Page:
Dil Bechara: The last goodbye to Sushant

Two years ago, when first news broke of an official Indian remake being made of John Green’s immensely popular young adult fiction The Fault in our Stars, Indian audiences were almost unanimous in their premature verdict of the film that hadn’t even released: A sasti copy. Most, if not all, were very sceptical about the casting for the film as well. Sushant Singh Rajput to play the fan-favourite Augustus Waters did not bode well for old fans. Also, the actress Sanjana Sanghi was practically a newcomer who only had a minor role in Imtiaz Ali’s 2011 mega-hit Rockstar. Social media was flooded with comments about how big a flop the movie will be, how nobody who was a fan of the original will watch this remake. Cut to 2020 when the film finally releases to a first day opening collection of nearly Rs. 2000 crores. Just on its first day, Dil Bechara broke a number of records and attracted 95 million views within the first 24 hours. So many victories but there was nothing to celebrate really.

Everyone knows why the film has garnered such incredible numbers and that, if circumstances had been different none of these feats would have happened, not by a long shot. I wish I could say that people judge too early without even giving a proper chance, but after watching the movie I could do nothing but silently agree with all the previous sentiments. Sushant Singh Rajput’s death has taken on a life of its own. With so many conspiracy theories swirling around and media-persons being their most insensitive, disgusting selves regarding the entire situation watching this movie was a very difficult experience.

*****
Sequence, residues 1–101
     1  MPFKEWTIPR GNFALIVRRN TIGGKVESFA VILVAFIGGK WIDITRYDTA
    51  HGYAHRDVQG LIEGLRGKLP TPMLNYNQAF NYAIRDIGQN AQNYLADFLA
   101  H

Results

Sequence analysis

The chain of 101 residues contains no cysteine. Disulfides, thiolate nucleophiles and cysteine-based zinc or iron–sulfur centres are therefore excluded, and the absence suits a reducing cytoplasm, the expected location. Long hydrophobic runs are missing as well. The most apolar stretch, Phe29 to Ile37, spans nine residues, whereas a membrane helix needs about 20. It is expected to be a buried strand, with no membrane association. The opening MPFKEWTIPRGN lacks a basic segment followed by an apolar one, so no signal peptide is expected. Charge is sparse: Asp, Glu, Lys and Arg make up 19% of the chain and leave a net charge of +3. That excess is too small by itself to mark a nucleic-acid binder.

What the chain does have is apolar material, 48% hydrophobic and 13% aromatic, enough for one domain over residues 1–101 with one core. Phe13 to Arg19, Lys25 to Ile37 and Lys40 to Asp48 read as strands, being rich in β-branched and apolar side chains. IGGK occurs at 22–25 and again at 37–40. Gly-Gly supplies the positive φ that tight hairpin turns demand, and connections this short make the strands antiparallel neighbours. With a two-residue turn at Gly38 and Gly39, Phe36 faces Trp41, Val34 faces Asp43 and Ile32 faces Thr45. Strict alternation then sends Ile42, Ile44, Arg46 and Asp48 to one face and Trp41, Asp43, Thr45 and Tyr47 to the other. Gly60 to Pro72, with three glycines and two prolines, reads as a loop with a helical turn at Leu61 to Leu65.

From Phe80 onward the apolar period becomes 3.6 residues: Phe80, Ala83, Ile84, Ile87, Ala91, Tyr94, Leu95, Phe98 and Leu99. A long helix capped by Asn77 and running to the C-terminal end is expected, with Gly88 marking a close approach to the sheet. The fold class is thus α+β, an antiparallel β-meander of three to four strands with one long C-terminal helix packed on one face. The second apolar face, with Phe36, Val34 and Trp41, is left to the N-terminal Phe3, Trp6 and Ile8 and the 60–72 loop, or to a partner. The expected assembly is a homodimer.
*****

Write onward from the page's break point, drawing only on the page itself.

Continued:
The film directed by Mukesh Chhabra is, to put it mildly, not great. It’s an extremely emotional watch for obvious reasons, but the script fails pathetically. Sushant Singh Rajput plays Emmanuel Rajkumar Junior with real flair and as close to the original character as you could hope for in a Bollywood film. His charming, confident and vulnerable portrayal of the lead makes you see glimpses of his actual self, or at least how he publicly was. Certain parts of the film I had to pause to take a breather because it got too much. As a fan of the book as well as the original film, I loved his portrayal and the way he carried half the film throughout its run. Sanjana Sanghi carried the other half. I was not convinced with her when I watched the trailer but watching the film changed my mind. Sanghi is a blooming, fragrant flower in an otherwise barren film. She has immense potential and given the right kind of script could do wonders.

Dil Bechara has a lot of continuity issues and the overall execution of the film becomes unbearable at times, especially in the first half. The highlight of the film is AR Rahman’s magic music. The atmosphere that he creates with his music elevates the film to another level. That’s the thing about Rahman’s music. You could feel a certain way if you watch a film sans his music and when you watch it with his music, your perspective becomes a lot layered, making you realise previously missed details. If I could compare, he and Hans Zimmer are very alike in that respect of creating haunting atmospheric scores. With Dil Bechara he works that magic again, making the emotional aspects overwhelming at times and at others, easing your taut chest for some relief.

The only reason good enough to watch this film is Sushant Singh Rajput, as a mark of respect to him but also for his truly wonderful performance. In fact, all the actors were remarkable, but there’s only so much they could do with such bad writing. Watch it for the performances and watch it for Sushant. That’s what I did, although I tried very hard to not go into it with any presumptions. Regardless, ultimately the film was nothing but a lot of wasted potential with some unforgettable music.



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